In Solaris, Kris Kelvin holds his wife, Hari, dead again.

In Solaris, Kris Kelvin holds his wife, Hari, dead again.

For as this appalling ocean surrounds the verdant land, so in the soul of man there lies one insular Tahiti, full of peace and joy, but encompassed by all the horrors of the half known life. God keep thee! Push not off from that isle, thou canst never return!

Halfway into Moby Dick, floating in the placid sea, this is Ishmael’s advice to the tempted reader: don’t try this at home. Just as journeying to the middle of the ocean means letting go of the structure and sense of the known world, so within oneself there’s a scaffolding of boundaries and illusions that make the day to day livable.

To stay safe on the beach of the Tahiti in your heart is advice perhaps more easily given than taken. The horrors on the unknown side of the half-known life have a way of lurking in the corners, not satisfied remaining hidden. In Andrei Tarkovsky’s 1972 epic science fiction film Solaris, inner and outer unknown come together, as alien life finds embodiment in human visitors’ grief. When protagonist Kris Kelvin, a space psychologist, travels to a dilapidated and forgotten research station orbiting the planet Solaris, he finds the scientists there lost in their minds, living in fear as a mysterious force takes the shape of “neutrino” beings conjured from their pasts — lost children, a long dead wife, all warm and real and fully material. Floating above a distant world, the researchers are tormented by these tendrils of alien communication, amorphous and elusive, an emotional amalgamation taking form in the extraterrestrial air.

We can draw some crude analogies between various frontiers — the deep ends that at different points in history have served as emblems of the limits of human knowledge. These are the realms we’ve gained enough capacity to traverse and explore to learn how little we know. In Melville’s day the ocean was the greatest unconquerable, with all its “dreaded creatures . . . treacherously hidden beneath the loveliest tints of azure.” As airplanes made the seas irrelevant to intercontinental travel and the world’s powers turned their mighty desire towards the stars, space grew as the manifest specter of human insignificance and futility. But everything passes, everything changes, and with space exploration now automated and routine, maybe it’s the digital that presents a new threatening darkness to lap at the shores of every person’s inner Tahiti, as software increasingly takes up residence in our bodies and our homes.

Like the foggy foreign life force of the planet Solaris, the digital promises resurrection and the potential to rebuild bodies and pasts, but always with the threat of losing control. In Lynn Hershman Leeson’s 1997 science fiction film Conceiving Ada, technology begins to fill the space of human intimacy. Amid fights with her boyfriend over whether or not to have a child, scientist Emmy Coer reanimates Ada Lovelace using the information found in an old black and white photograph. Lovelace, a contemporary of Melville, worked with Charles Babbage on his Analytical Engine and wrote what’s considered to be the very first computer algorithm. With the help of a fantastical version of the technology Ada herself helped invent, a stew of computer code and DNA, Emmy opens up a channel of communication with her predecessor that reaches across time and mortality.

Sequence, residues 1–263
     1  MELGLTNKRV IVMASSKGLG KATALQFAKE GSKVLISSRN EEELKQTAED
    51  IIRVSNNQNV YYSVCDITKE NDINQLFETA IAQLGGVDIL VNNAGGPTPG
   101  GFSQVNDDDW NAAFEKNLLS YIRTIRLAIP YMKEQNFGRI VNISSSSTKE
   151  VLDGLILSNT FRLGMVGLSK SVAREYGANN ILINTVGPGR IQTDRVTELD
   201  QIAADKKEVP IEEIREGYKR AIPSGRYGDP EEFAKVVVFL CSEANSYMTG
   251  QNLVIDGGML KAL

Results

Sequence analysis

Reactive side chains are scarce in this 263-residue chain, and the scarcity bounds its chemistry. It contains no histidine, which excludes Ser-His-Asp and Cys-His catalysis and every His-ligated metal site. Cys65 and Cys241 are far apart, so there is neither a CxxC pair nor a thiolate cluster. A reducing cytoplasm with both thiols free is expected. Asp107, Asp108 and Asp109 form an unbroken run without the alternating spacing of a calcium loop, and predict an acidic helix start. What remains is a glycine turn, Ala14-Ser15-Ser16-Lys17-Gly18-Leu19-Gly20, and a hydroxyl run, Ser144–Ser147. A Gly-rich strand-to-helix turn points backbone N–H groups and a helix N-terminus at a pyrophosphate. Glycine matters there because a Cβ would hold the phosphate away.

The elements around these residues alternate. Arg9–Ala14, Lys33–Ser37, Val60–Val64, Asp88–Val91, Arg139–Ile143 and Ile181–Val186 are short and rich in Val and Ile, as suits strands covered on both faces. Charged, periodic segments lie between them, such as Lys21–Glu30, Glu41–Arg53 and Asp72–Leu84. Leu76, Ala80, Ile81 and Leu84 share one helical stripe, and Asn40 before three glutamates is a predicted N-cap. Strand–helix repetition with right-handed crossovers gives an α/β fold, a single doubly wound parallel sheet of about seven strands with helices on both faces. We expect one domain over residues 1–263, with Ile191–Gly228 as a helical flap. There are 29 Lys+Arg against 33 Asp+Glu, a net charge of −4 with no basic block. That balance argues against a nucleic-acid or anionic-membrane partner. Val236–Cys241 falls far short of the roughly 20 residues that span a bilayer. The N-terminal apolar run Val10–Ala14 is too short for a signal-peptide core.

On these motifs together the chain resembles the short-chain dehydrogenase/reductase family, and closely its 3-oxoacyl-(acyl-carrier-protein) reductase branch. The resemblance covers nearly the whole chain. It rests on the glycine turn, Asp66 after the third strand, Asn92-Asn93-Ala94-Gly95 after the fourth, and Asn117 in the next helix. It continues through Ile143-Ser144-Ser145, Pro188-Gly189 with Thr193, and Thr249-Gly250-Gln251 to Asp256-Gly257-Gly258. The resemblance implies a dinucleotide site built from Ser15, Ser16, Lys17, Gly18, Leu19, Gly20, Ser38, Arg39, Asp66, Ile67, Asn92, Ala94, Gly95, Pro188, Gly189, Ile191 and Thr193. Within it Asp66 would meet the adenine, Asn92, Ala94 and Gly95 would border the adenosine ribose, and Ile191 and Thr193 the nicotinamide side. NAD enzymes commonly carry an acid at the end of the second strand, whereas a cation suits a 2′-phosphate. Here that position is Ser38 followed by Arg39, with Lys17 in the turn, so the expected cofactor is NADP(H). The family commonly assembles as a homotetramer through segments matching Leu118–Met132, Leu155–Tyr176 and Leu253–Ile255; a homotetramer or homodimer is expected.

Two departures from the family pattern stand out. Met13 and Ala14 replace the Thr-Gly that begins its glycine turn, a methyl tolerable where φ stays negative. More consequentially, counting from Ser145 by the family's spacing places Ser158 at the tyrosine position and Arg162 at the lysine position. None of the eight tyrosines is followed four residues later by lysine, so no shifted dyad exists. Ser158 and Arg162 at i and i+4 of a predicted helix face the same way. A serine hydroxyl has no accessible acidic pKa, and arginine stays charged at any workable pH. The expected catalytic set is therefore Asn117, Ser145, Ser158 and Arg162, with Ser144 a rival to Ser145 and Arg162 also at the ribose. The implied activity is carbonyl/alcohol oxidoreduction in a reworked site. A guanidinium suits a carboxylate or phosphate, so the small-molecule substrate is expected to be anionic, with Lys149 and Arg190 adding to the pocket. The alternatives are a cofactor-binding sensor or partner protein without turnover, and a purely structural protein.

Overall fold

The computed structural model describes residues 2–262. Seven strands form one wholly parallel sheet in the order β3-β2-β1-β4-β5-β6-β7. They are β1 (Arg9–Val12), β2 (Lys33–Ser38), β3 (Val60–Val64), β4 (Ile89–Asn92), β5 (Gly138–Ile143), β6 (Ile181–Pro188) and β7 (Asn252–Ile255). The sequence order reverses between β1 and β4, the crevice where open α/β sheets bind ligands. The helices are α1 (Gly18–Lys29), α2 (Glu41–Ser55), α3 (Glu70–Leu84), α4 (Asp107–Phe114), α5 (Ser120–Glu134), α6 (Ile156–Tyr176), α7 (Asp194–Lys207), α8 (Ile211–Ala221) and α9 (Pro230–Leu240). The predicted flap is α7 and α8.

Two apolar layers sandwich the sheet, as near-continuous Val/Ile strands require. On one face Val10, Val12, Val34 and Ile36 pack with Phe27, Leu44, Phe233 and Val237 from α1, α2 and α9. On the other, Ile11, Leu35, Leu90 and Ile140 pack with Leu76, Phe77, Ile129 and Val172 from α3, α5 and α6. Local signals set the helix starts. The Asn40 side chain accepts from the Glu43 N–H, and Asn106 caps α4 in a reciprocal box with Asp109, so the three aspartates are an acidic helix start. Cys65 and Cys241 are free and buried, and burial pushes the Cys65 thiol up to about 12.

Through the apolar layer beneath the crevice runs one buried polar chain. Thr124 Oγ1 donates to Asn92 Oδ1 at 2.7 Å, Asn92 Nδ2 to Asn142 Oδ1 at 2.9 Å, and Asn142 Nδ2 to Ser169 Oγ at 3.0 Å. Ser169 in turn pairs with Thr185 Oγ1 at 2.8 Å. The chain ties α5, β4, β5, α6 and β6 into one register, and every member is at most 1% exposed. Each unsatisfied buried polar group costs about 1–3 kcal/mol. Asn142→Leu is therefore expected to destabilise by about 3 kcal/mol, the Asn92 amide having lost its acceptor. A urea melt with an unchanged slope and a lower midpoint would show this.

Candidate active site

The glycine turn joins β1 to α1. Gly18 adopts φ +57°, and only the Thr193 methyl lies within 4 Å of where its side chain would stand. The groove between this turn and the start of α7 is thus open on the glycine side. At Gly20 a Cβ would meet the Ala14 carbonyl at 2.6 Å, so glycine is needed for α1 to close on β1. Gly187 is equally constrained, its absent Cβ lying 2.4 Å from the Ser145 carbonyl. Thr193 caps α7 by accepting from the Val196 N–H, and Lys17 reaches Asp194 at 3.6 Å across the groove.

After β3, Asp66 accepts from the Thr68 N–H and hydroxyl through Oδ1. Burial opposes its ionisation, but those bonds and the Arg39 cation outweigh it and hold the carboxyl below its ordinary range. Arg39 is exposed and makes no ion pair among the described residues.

In a 1916 short story included in Friedrich Kittler’s seminal media theory text Gramophone, Film, Typewriter, Salomo Friedlander conceives of a process by which it would be possible to recreate Goethe’s voice, capturing nascent vibrations in the walls of the great man’s former study and feeding them through a recreation of his larynx. Friedlander writes, “After a short while Goethe spoke the way he must have spoken during his lifetime,” as though Goethe’s remains were building blocks left behind to simply be reassembled and set loose. Like Erkki Kurenniemi, the Finnish futurist who video-recorded his entire life in order to create a map for the future synthetic reproduction of humanity, and like Emmy Coer’s communication with Ada Lovelace, these stories share the fantasy that the trash of our lives, the structures and molds our physical presence leaves behind, might be used to pull bodies and minds back out of the air.

In Hershman Leeson’s film, the original computer programmer speaks of herself as a breather of life, the one who animates technology. “Babbage’s machine is a harp, as it were, and it means nothing unless music is played on it, but it has everything it needs to make music. It just needs a human spirit to make it work,” proclaims Ada. Operating as emissaries out into that dark space beyond the Tahitian beach of the soul, the reanimated avatars of Goethe and Ada, like Kris Kelvin’s wife re-fabricated by alien power, are vessels through which it might be possible to test the murky waters. The possibility for life that truly combines humans and machines occupies the near edges of the great unknown, both a coping mechanism and a harbinger of the ultimately ungraspable.


 

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